Qgis is an open source gis software

Open source desktop GIS software

QGIS is a free and open-source cross-platform desktop geographic information system (GIS) application that supports viewing, editing, printing, and analysis of geospatial data.[2]





QGIS functions as geographic information system (GIS) software, allowing users to analyze and edit spatial information, in addition to composing and exporting graphical maps.[2] QGIS supports raster, vector and mesh layers. Vector data is stored as either point, line, or polygon features. Multiple formats of raster images are supported, and the software can georeference images.

QGIS supports shapefiles, personal geodatabases, dxf, MapInfo, PostGIS, and other industry-standard formats.[3] Web services, including Web Map Service and Web Feature Service, are also supported to allow use of data from external sources.[4]

QGIS integrates with other open-source GIS packages, including PostGIS, GRASS GIS, and MapServer.[4] Plugins written in Python or C++ extend QGIS’s capabilities. Plugins can geocode using the Google Geocoding API, perform geoprocessing functions similar to those of the standard tools found in ArcGIS, and interface with PostgreSQL/PostGIS, SpatiaLite and MySQL databases.

QGIS can also be used with SAGA GIS and Kosmo.





Gary Sherman began development of Quantum GIS in early 2002, and it became an incubator project of the Open Source Geospatial Foundation in 2007.[5] Version 1.0 was released in January 2009.[6]

In 2013, along with release of version 2.0 the name was officially changed from Quantum GIS to QGIS to avoid confusion as both names had been used in parallel.[7])

Written mainly in C++, QGIS makes extensive use of the Qt library.[4] In addition to Qt, required dependencies of QGIS include GEOS and SQLite. GDAL, GRASS GIS, PostGIS, and PostgreSQL are also recommended, as they provide access to additional data formats.[8]

A screenshot from QGIS-Android in 2014.

As of 2017 , QGIS is available for multiple operating systems including Mac OS X, Linux, Unix, and Microsoft Windows.[9] A mobile version of QGIS was under development for Android as of 2014 .[10]

QGIS can also be used as a graphical user interface to GRASS. QGIS has a small install footprint on the host file system compared to commercial GISs and generally requires less RAM and processing power; hence it can be used on older hardware or running simultaneously with other applications where CPU power may be limited.[citation needed]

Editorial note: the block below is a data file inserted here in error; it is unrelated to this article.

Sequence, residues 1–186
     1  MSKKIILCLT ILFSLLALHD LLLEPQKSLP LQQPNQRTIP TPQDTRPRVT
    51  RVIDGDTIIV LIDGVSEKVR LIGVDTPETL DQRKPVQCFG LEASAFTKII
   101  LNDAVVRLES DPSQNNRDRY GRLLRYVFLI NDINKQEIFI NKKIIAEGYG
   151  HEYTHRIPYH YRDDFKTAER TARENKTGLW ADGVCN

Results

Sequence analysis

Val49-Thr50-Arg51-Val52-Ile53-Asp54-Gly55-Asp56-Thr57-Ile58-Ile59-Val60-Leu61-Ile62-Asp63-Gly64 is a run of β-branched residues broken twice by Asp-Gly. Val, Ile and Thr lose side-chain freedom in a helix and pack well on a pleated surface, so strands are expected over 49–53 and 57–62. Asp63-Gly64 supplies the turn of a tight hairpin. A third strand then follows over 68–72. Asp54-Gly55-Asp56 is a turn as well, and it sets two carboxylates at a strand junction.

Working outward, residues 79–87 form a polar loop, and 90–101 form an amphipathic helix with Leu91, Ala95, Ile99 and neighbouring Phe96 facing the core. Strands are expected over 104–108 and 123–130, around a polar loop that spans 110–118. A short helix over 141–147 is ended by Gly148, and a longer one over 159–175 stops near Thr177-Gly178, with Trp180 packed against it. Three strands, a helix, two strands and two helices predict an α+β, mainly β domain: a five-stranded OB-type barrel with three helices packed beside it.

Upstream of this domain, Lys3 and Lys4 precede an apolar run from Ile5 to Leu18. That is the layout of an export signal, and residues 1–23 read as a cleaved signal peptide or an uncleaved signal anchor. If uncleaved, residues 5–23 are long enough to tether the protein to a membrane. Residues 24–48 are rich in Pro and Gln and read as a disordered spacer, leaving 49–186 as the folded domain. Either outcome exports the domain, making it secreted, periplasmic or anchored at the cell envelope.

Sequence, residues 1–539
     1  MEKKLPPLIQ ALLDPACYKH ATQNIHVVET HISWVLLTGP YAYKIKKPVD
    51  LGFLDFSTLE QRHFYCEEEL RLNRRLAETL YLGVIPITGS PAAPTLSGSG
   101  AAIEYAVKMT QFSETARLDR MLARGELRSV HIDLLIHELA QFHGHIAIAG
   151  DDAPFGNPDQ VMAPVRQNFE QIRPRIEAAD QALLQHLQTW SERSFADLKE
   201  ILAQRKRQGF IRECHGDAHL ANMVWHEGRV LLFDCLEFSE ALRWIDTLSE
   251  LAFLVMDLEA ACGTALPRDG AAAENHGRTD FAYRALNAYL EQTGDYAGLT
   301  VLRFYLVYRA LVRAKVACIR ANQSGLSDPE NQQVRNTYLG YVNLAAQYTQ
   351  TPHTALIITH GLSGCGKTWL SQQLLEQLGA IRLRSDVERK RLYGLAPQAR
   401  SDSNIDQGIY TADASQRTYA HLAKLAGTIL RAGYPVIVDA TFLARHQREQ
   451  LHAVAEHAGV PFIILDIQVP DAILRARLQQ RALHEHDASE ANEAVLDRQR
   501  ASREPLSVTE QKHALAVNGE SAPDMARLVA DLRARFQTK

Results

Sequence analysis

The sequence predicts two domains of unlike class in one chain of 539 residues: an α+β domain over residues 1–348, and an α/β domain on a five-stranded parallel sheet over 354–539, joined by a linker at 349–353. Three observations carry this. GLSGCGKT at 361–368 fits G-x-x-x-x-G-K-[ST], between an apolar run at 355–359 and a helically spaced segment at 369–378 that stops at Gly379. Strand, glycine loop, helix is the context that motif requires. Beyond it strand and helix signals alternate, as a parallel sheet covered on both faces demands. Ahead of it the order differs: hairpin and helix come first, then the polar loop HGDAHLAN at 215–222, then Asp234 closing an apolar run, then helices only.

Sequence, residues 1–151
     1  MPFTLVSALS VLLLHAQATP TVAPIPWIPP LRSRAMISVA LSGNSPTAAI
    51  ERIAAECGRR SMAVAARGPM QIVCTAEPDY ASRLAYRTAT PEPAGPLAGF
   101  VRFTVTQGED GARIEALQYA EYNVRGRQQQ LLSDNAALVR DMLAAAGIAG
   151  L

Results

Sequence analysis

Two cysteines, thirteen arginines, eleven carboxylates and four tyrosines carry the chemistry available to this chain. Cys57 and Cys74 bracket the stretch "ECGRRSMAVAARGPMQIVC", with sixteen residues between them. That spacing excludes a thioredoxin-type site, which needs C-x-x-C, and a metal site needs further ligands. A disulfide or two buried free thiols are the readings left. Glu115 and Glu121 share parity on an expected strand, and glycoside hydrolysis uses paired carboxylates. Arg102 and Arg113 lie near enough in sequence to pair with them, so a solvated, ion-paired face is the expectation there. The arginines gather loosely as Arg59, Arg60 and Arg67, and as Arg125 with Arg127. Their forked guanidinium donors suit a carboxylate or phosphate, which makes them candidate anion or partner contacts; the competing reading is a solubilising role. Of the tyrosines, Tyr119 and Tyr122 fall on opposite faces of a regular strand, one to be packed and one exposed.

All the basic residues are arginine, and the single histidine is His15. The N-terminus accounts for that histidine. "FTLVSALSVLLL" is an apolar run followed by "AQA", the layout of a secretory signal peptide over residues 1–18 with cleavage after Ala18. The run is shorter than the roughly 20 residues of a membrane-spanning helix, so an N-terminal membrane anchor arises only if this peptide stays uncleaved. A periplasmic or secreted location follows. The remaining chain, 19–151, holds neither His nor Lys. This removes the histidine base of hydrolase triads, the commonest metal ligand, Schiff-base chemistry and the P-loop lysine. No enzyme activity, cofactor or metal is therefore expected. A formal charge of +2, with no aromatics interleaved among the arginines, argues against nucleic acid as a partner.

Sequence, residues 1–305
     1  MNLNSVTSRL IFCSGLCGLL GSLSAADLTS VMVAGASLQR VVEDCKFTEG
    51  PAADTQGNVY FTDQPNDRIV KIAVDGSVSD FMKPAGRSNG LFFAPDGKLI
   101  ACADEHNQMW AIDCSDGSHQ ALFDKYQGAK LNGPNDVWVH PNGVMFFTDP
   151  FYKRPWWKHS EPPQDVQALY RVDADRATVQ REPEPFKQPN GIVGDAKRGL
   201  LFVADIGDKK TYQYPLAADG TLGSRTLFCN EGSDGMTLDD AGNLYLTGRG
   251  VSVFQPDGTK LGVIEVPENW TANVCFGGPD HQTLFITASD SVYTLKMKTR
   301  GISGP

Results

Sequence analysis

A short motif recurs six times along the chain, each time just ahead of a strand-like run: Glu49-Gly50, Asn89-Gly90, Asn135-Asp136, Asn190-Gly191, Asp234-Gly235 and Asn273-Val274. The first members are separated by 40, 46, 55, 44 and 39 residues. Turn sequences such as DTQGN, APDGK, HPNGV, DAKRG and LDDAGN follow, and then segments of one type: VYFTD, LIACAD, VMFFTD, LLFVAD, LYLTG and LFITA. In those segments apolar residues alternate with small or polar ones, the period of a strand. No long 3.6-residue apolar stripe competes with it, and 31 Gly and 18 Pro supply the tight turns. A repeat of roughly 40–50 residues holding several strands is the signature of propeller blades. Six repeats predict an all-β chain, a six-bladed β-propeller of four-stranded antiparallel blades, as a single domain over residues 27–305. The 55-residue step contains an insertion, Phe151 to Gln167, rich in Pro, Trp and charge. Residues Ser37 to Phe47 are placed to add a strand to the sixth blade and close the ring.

QGIS is maintained by volunteer developers who regularly release updates and bug fixes. As of 2012 , developers have translated QGIS into 48 languages and the application is used internationally in academic and professional environments. Several companies offer support and feature development services.[11]





QGIS can display multiple layers containing different sources or depictions of sources.

Screenshot of Print Composer

In order to prepare printed map with QGIS, Print Layout is used. It can be used for adding multiple map views, labels, legends, etc.





As a free software application under GNU GPLv2, QGIS can be freely modified to perform different or more specialized tasks. Two examples are the QGIS Browser and QGIS Server applications, which use the same code for data access and rendering, but present different front-end interfaces.[citation needed]





Many public and private organizations have adopted QGIS, including:

Release History




“LTR” indicates a Long Term Release. Detailed changelogs are available for releases 2.0 and later.[15]

Caption textVersionCodenameRelease DateNotes0.0.1-alpha2002-07First public release.1.0Kore2009-01-052.0Dufour2013-09-08New vector API, integration of SEXTANTE geoprocessing, symbology and labeling overhaul.  Dropped “Quantum” from the name.3.0Girona2018-02-23Significant rewrite, upgrading to Qt5, PyQt5, and Python 3.3.2Bonn2018-06-223.4 LTRMadeira2018-10-263.6Noosa2019-02-223.8Zanzibar2019-06-213.10 LTRA Coruña2019-10-253.12Bucureşti2020-02-213.14Pi2020-06-19New temporal controller.3.16 LTRHannover2020-10-233.18Zurich2021-02-193.20Odense2021-06-183.22 LTRBiałowieża2021-10-223.24Tisler2022-02-183.26Buenos Aires2022-06-17Improved pointcloud and 3D support. New profile plotting framework.3.28Firenze2022-10-21





Quantum GIS is an open source GIS desktop software more popularly known as QGIS.  QGIS 1.0 was first released in January of 2009 although development on the software began back in 2002 by Gary Sherman with the first versions of the software intended as a GIS data viewer for PostGIS.  QGIS is increasingly becoming a viable alternative to commercial GIS desktop software options such as Esri’s ArcGIS suite of GIS software due to its user friendly interface and user support resources including an active presence within the GIS Stack Exchange section.